Clamping and gluing the bracing on the top required an array of creative clamping methods, extensions, and wedges. The back required slightly different methods, since the bracing was slightly curved. All seemed to work out however, but I did end up removing more of the bracing bulk before gluing the whole body together, as I fondled and tapped on the soundboard, listening for any hint of resonance.
Okay, making some progress. Wondering if the cedar bracing will work out and if the wood is thin enough to make the body "sing."
5. Making the Mold and Bending the Sides
Making the Mold
A fixture, or mold, is needed to hold the top, back, and sides in place while they are glued together. The book I followed suggests two methods of constructing the mold: One is to cut the shape of the body into several small, thick sheets of plywood and glue them together, resulting in a heavy, 4-inch thick, fixture. The other is to use two sheets of plywood separated by spacers. This was the method I chose. It gave me the opportunity to use the Porter-Cable pneumatic finish nailer that my neighbor found in the garbage and gave to me in need of repair.
I used a 3/4", 2' x 4' project panel from Home Depot and scrap pieces of 2 x 4 cut to size for spacers. This gave me a 24" x 24" mold, which was sliced in half and then bolted together again with tab extensions. The guitar shape was a little uneven, but only slightly. It seemed to work out fine.
Bending the Sides
Now for bending the sides. I read that this can be a daunting step in any project, and indeed it was. It was suggested in the book, and in many blogs, to use a bending iron. This is basically a piece of tubing which is heated to several hundred degrees, over which the thin side wood can be bent to the desired shape in small incremental steps, using the shape in the mold as a guide to compare your bending progress.
First, any wood bending requires steam. This is achieved by soaking the wood for several hours in water and then applying heat. The disadvantages I saw with using a bending iron, although the traditional method, were:
- I didn't have one. I could make one. Several suggestions are available if you search online. Some seemed simple and clever while others, eh . . . I'm not so sure about. I could buy one for a couple hundred bucks. Ahhh, I don't think so.
- Making the shape exact seemed difficult with this method.
- The wood could easily get burnt, and so could I.
I read lots online about this step, went back and forth on my decision before I actually did it. I had bent some wood successfully when building my canoes and kayaks using a different method. Finally, I decided to use a bending fixture made from the scrap pieces cut out of the mold plywood, which just happened to be the shape of the guitar body. I build the fixture with two pieces of the shaped plywood, separated by spacers. Then I covered the bending surface with aluminum flashing. I also added a rounded piece of wood with eye-bolts and wing nuts to help hold the side wood against the mold at the deeply curved waist in the body.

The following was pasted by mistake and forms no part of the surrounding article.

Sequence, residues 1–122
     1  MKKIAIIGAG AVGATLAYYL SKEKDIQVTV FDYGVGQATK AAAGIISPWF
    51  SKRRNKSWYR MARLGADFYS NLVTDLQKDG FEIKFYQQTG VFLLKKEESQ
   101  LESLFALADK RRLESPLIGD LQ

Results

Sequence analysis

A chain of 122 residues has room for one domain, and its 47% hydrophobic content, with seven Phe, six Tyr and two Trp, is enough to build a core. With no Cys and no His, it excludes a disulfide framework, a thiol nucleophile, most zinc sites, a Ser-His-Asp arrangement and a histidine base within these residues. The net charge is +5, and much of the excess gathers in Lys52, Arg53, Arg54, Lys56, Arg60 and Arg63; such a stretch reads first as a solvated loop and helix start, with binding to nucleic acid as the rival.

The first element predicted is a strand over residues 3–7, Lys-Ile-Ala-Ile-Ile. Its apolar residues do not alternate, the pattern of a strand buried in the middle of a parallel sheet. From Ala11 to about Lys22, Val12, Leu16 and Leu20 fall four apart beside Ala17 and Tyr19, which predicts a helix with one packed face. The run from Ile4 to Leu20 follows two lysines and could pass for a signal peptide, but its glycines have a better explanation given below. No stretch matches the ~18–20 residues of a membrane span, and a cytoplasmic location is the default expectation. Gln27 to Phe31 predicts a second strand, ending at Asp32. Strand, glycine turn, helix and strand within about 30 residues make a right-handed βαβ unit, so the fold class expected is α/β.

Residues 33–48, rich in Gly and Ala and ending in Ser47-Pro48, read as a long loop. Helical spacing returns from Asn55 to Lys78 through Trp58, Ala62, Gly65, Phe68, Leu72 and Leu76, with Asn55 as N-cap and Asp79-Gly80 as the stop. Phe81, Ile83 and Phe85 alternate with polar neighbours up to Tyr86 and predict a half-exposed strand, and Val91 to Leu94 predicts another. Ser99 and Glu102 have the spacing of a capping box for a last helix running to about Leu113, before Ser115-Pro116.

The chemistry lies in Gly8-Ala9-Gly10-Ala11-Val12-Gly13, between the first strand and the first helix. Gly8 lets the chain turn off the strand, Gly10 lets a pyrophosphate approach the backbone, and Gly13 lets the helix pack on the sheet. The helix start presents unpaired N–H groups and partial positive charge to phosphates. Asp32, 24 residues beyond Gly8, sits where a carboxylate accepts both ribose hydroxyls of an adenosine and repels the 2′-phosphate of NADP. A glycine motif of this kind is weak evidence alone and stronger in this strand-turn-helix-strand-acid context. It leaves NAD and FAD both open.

To create the steam I built a small square box with a hole in it for steam to enter. Steam was created using an old coffee pot, with a small piece of copper pipe replacing the glass bubbler, that on a small camp stove. I read that when steaming walnut, sometimes the figuring in the wood becomes faded. I decided to do it anyway and even soaked the wood in water first.
Once the side to be bent was in the steam box for several minutes, and there was an abundance of steam escaping from its joints, I slowly clamped the wood onto the mold. It bent easily. I was pleased, as well as relieved. The next day, I placed the first side in the mold fixture and clamped it in, then moved on to the next side. It went well also. I clamped it into the mold and let them dry for a few days.
All was good . . . except when I removed the sides from the mold I found I had been too aggressive with the clamping and had slightly deformed one of the sides by causing a noticeable indentation from the wood. I tried re-wetting and clamping to smooth it out with only slight success.
Trimming and Gluing
The next step was to trim the side to length and glue them together with the neck block and bottom block. The neck block was first trimmed to size. It came with the maple neck I purchased (more on that later.) The bottom block came from a short length of 3/4" maple I purchase at Home Depot. These four pieces were glued then clamped in the mold. I now had something resembling a guitar body. The sides needed to be tapered with a gradual curve from the bottom towards the neck block, which is why it was trimmed earlier. I made a template from 1/8" hard board, with tapered spacers glued on, to fit around the outside of the body. I put pegs in holes on the inside of the mold to hold the sides up above the top surface, level with the template at one end and above the template on the neck end. Then I used a tiny block plane to remove side material to match the taper.